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November 05, 1954 - Image 1

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Michigan Daily, 1954-11-05

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Administration Worries-
About Busy Signals- Too
See Page 4

Lit igan

Dati

*1
S ;i

Latest Deadline in the State
VOL. LXV, No. 40 ANN ARBOR, MICHIGAN, FRIDAY, NOVEMBER 5, 1954

CLOUDY, WARMER
SIX PAGES

Final SGC Draft
Goes to Regents
12-Man Study Committee OK's Plan;
Basic Concept Remains Unchanged
By GENE HARTWIG
Daily Managing Editor
Final draft of the Student Government Council plan was approv-
ed yesterday by the 12-man student-faculty study committee and
sent to the Regents for consideration at their Nov. 12 meeting.
Changing none of the basic ideas embodied in the original SGC
plan completed by the Laing Committee last spring, the revised
proposal more explicitly spells out jurisdictions and powers.
In .completing its work, the study committee, appointed last
month to advise Student Affairs Vice-President James A. Lewis
on, solutions to questions raised by the Regents and Student Legis-

Neuberger
Gives De
eW O S D
New Totals Boost
Case's Slim Lead
Police Guard New Jersey Ballots;
Senate Committee Will Probe Vote
NEWARK, N.J. (R-Police stood guard yesterday over ballots in
New Jersey's U.S. Senate election as new vote totals revisions boost-
ed Republican Clifford P. Case's slim lead to 3,308 ballots.
With 18 of the state's 21 county clerks having doublechecked and
revised their final figures, Case appeared to be the probable winner
over Democrat Charles R. Howell on the basis of unofficial counts. A.
recount was possible.
Meantime, Sen. Frank Barrett (R-Wyo.) announced that the Sen-

0
Victory in

Oregon

mocrats

Senate

Edge

(Announee Plans

'

Rep. Clardy
To Continue
Investigation
Rep. Kit Clardy (R-Lansing) who
v-as defeated in his bid for a sec-
ond term by MSC 'Professor Don-
ald Hayworth has announced that
the House Un-American Activities
Committee will hold investigations
on November 15 and 16 in Detroit
on Communist influence in the
Square D strike.
Clardy, who achieved prominence
during his first term last year
when he conducted investigations
in Michigan, claimed that his de-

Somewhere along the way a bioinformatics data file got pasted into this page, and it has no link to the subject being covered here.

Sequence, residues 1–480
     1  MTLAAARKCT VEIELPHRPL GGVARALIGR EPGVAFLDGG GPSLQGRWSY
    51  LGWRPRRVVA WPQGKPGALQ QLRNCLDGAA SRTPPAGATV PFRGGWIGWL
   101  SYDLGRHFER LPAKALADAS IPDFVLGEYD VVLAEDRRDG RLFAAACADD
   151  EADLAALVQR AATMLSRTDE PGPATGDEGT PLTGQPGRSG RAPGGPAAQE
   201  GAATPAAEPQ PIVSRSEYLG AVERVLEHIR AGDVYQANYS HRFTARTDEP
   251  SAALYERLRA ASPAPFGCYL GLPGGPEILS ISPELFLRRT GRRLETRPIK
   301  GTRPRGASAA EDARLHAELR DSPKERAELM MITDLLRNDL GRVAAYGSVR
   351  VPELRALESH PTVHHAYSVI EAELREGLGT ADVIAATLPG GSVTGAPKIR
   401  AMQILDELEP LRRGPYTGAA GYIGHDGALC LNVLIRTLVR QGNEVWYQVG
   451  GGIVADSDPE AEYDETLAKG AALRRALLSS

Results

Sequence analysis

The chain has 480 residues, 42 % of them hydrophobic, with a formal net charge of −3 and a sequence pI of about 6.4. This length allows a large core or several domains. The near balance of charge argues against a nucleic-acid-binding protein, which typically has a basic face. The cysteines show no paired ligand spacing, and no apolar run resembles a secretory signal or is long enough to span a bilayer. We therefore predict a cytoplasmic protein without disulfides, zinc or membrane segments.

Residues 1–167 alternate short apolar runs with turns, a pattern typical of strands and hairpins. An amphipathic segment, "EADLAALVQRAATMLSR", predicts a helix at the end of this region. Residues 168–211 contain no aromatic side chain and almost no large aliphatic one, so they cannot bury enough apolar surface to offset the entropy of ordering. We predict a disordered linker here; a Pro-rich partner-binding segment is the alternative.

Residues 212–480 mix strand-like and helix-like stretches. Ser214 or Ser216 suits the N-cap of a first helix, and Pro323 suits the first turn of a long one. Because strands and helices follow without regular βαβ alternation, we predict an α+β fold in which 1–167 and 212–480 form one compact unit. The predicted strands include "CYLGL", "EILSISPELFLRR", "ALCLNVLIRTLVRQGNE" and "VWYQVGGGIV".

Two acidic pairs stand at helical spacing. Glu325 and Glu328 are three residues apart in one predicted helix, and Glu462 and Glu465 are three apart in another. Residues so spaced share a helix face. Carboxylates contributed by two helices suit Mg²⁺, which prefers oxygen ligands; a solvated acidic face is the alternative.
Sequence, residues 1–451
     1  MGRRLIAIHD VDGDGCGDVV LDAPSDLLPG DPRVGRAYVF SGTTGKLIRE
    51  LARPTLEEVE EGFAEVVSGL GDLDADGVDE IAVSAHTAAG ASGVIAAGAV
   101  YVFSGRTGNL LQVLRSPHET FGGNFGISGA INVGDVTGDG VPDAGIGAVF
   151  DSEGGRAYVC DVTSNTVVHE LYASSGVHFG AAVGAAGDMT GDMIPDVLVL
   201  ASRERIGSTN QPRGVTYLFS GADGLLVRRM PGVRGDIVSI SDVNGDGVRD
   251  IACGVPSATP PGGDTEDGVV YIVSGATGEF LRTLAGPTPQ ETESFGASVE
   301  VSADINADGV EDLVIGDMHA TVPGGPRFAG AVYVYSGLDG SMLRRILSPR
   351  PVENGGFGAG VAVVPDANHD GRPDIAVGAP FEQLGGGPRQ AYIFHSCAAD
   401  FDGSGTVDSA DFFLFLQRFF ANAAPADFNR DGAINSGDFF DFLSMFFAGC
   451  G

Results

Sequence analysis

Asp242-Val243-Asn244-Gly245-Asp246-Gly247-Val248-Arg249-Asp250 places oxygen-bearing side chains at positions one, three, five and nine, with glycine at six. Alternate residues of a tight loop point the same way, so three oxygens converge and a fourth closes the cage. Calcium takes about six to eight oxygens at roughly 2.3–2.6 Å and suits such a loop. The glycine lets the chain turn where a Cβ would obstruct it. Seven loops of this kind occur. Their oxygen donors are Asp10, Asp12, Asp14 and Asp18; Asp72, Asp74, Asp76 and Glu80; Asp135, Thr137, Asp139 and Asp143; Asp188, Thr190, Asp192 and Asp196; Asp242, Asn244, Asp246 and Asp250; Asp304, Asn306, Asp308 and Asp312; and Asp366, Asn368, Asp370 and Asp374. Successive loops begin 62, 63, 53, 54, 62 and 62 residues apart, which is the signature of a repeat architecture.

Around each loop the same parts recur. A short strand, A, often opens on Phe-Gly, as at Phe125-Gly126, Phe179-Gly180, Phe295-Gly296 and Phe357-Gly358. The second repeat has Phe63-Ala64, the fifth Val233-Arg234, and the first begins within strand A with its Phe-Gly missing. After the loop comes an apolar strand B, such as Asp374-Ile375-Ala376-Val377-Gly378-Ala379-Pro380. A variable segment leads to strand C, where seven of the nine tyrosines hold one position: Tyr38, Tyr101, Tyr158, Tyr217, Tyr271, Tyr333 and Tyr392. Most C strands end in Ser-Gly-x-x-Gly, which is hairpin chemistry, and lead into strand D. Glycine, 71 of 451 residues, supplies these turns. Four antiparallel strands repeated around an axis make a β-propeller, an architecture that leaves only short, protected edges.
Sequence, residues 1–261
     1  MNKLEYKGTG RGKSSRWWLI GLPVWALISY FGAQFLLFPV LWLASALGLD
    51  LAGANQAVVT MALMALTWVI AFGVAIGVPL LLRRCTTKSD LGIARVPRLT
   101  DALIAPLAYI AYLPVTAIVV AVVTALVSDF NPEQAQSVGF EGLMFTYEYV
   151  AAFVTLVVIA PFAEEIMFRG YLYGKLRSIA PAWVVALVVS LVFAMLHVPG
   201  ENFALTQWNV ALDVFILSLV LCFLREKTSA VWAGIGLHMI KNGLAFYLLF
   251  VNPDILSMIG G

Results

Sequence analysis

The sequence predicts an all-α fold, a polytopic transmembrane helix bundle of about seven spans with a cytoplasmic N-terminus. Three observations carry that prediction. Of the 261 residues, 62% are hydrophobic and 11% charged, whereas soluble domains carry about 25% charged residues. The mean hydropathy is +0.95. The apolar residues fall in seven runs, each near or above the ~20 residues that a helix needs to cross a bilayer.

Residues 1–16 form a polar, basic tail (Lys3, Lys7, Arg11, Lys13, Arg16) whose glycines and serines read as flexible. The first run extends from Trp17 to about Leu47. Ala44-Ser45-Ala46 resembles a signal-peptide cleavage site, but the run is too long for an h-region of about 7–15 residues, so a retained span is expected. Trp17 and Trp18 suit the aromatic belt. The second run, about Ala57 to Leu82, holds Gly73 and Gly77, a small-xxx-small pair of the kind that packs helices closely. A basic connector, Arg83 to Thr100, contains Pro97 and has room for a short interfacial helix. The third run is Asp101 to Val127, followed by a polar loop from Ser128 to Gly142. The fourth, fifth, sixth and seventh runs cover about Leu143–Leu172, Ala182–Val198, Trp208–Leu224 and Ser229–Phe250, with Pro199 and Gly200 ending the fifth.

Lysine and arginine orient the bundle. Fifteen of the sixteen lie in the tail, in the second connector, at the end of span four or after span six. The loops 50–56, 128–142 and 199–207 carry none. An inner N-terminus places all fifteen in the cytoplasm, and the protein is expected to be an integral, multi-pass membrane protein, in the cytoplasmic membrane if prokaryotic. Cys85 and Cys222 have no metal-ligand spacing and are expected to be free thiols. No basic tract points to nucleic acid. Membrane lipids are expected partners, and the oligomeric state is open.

feat was due to "attacks by left
wingers."
Referring to Clardy as "a medi-
ocrity," Prof. Edwin E. Moise of
the mathematics department said
yesterday that "the electorate does
not support a man who has achiev-
ed the ultimate in notoriety."
Protests Dismissal
Prof. Moise who was active in
protesting the dismissal of H.
Chandler Davis from the Univer-
sity faculty after his (Davis') ap-
pearance before the Clardy com-
mittee in Detroit last spring added
that "Clardy won the election in
1952 m a i n 1 y on unwarranted
smears about his opponent."
Clardy has claimed that his op-
ponent had "the help of all the
left wingers in the country." He
said that "the Republicans from
the White House on down didn't
fight hard enough to bring the is-
sues before the people."
Smears Are Discouraging
"It's discouraging when you do
the best you can for your country
and then because of smears and
anonymous attacks the peole are
misled," he added.
State Democratic Chairman Neil
Staebler .commented that while
"bread and butter issues were im-
portant in this election there were
certain places such as the Sixth
Congressional District where they
were superceded by moral indigna-
tion."
Staebler commented that this
"moral indignation" among the
voters particularly concerned cam-
paign pamphlets in which Clardy
published a list of enemies that in-
cluded, according to Staebler "just
about everyone except the Girl
Scouts."
New Sorority
May Form
On Campus
A nineteenth sorority may add
its name to the campus Panhel-
helenic Association roster.
Jean Bromfield, '55, Panhel
president, announced yesterday
that a group of about 30 women,
headed by Carole Hackett, '56D,
have banded together this fall with
the hope of forming a sorority
chapter.
As yet unnamed, the group is
holding weekly meetings under
Panhel's auspices at various sor-
ority houses. "Before anything
else," according to Dean of Women
Deborah Bacon, "it must build it-
self into an integrated, cohesive
unit."
Next pear the group hopes to
function as a local sorority, with
a national affiliation coming by
fall of 1956. Ann Arbor's City Pan-
hellenic Association, Miss Broom-
field said, would handle the
group's affiliation with a national
sorority.
Need for such a group 'became

lature, expressed hope that the
mainbody of the plan and the
"Addendum" be considered to-
gether by the Regents.
Need For Financing
Point two of the "Addendum"
provides that, "intrinsic in the.re-
port is the implication of a need
for financing student government
as so carefully outlined by the
Laing Committee.
"A full examination of possible
methods of finance led that com-
mittee to the recommendation that
an assessment per student per
semester, levied on all students
and payable at registration, was
the most satisfactory method."
The idea of a student tax was
approved by a two to one votein
the all-campus elections last
spring.
Implicit in the revised SGC plan
is the power to assume financial
controls now exercised by SL and